Guided Fly Fishing TripsMake a Reservation

Spruce Moths in Summer

Spruce Moths have become one of the premier super hatches in the last few years.  The Spruce Moth is a terrestrial species with cyclical populations.  They have been highly destructive in many heavily forested areas and patches of dead evergreens can be seen on the sides of mountains where spruce moth populations are heavy.  Local writers have criticized anglers for “liking” spruce moths.  It’s not that anglers like the moths so much as the fishing opportunities the moths provide.  Moths fall on the water in mass and trout meet their arrival with all the enthusiasm you’d expect.  They’re one of the most active insects on the water in the west and their fluttering and dancing across the water creates some memorable antics from the trout.

Spruce moth fishing is best in the summer moths and can be present s early as July but get thicker into August.  Before the big flights of adults are present, moth worms can be seen hanging from the trees.  These worms are usually about a half inch long and sort of a puke olive to cream color.  We’ve had some good reports from anglers fishing inch worm type patterns in the appropriate colors along the banks lined with infested trees.  The real show doesn’t start until the adults are present.  Often the moths will be preset for a day or two until the fish really get onto them.  Early in the “hatch” the best fishing is when the bugs are thickest on the water.  Trout will start to chase these bugs across the water with frenzy.  It’s common to trout repeatedly jumping out of the water for the moths.  As you can imagine, this makes a dead drift much less important than normally required for rising fish.  Often a skittered fly will draw more attention than a dead drifted one be consequently be more effective.  Once the moths head back to the trees their imitations can still be effective search patterns especially if the trout are still hungry.  Sometimes moth hatches are so heavy the fish will become gorged and stop feeding while the moths are still on the water.  It’s quite a sight to see mats of moths floating down a run unmolested that had hundreds of rising trout minutes before.  If the fish are not eating the naturals fishing with moth imitations is probably futile.  In fact you may want to head to a different stretch of the river where the fish may be more active.  Water temperatures can also be a factor on the trout’s reaction to the moths.  Even in the summer moths it’s not that uncommon for water temperatures to drop into the forties by morning.  This is especially true in cold canyon waters like the Gallatin.  Moths may be present for w while before warming water temperatures spur the fish into feeding.  After a midday lull, moths will return to the river in the evening but usually not in the same numbers as the mornings, perhaps because the trout have eaten so many of them.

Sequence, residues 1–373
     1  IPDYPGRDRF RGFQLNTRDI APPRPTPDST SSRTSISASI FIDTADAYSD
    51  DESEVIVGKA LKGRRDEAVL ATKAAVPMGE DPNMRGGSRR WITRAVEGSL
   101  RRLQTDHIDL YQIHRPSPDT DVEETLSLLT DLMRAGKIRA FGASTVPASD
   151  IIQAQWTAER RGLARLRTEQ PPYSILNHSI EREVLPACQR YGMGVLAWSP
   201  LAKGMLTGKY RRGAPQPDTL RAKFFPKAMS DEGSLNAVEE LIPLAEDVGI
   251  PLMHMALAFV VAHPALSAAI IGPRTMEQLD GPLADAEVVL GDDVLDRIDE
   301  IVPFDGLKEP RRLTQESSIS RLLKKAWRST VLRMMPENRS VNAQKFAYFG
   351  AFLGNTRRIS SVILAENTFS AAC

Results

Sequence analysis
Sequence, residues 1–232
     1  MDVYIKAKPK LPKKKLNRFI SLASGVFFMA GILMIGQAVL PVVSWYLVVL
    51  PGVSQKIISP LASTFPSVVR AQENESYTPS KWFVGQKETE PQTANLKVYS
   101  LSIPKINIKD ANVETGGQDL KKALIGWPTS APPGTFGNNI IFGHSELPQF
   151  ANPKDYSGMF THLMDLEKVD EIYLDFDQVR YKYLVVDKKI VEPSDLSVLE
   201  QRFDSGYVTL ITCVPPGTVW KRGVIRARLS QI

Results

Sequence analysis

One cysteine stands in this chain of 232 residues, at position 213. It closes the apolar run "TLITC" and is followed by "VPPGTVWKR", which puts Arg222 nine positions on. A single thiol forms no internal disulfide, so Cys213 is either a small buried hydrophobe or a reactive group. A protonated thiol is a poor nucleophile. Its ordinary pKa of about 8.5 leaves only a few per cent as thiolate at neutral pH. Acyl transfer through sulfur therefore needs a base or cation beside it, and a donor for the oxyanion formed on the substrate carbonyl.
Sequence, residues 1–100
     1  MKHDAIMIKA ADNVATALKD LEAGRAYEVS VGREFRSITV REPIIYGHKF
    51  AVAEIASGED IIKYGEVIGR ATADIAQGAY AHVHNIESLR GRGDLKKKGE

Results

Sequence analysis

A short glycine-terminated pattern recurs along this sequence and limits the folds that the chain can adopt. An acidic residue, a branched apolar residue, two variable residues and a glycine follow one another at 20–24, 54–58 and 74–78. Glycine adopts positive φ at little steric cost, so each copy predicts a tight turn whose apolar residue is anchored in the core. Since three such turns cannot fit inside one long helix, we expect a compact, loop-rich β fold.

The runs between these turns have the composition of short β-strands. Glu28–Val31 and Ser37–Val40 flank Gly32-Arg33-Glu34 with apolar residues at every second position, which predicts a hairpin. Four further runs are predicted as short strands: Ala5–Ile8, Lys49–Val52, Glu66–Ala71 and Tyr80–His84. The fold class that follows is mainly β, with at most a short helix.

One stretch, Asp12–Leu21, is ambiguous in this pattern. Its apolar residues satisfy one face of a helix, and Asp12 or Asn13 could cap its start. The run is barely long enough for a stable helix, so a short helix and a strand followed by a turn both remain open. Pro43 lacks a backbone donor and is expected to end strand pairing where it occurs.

When spruce moth populations first exploded a few years ago most local anglers just fished a 12 or 14 Elk Hair Caddis.  Most days that fly still works as well as any but there are a lot more choices in spruce moth patterns now.  Many are variations on the classic Elk Hair in colors a bit closer to the moth.  Some of our favorites are the Snowshoe Spruce Moth and Summer Spruce Moth.  Dan Delekta’s Twisted Baby in tan has also proven itself to be an incredibly effective spruce moth imitation.  The normal size range is #12 to #14 but later in the summer fish will often rise to your moth only to nip at it without actually eating it.  When this happens going down to a #16 can often make a big difference.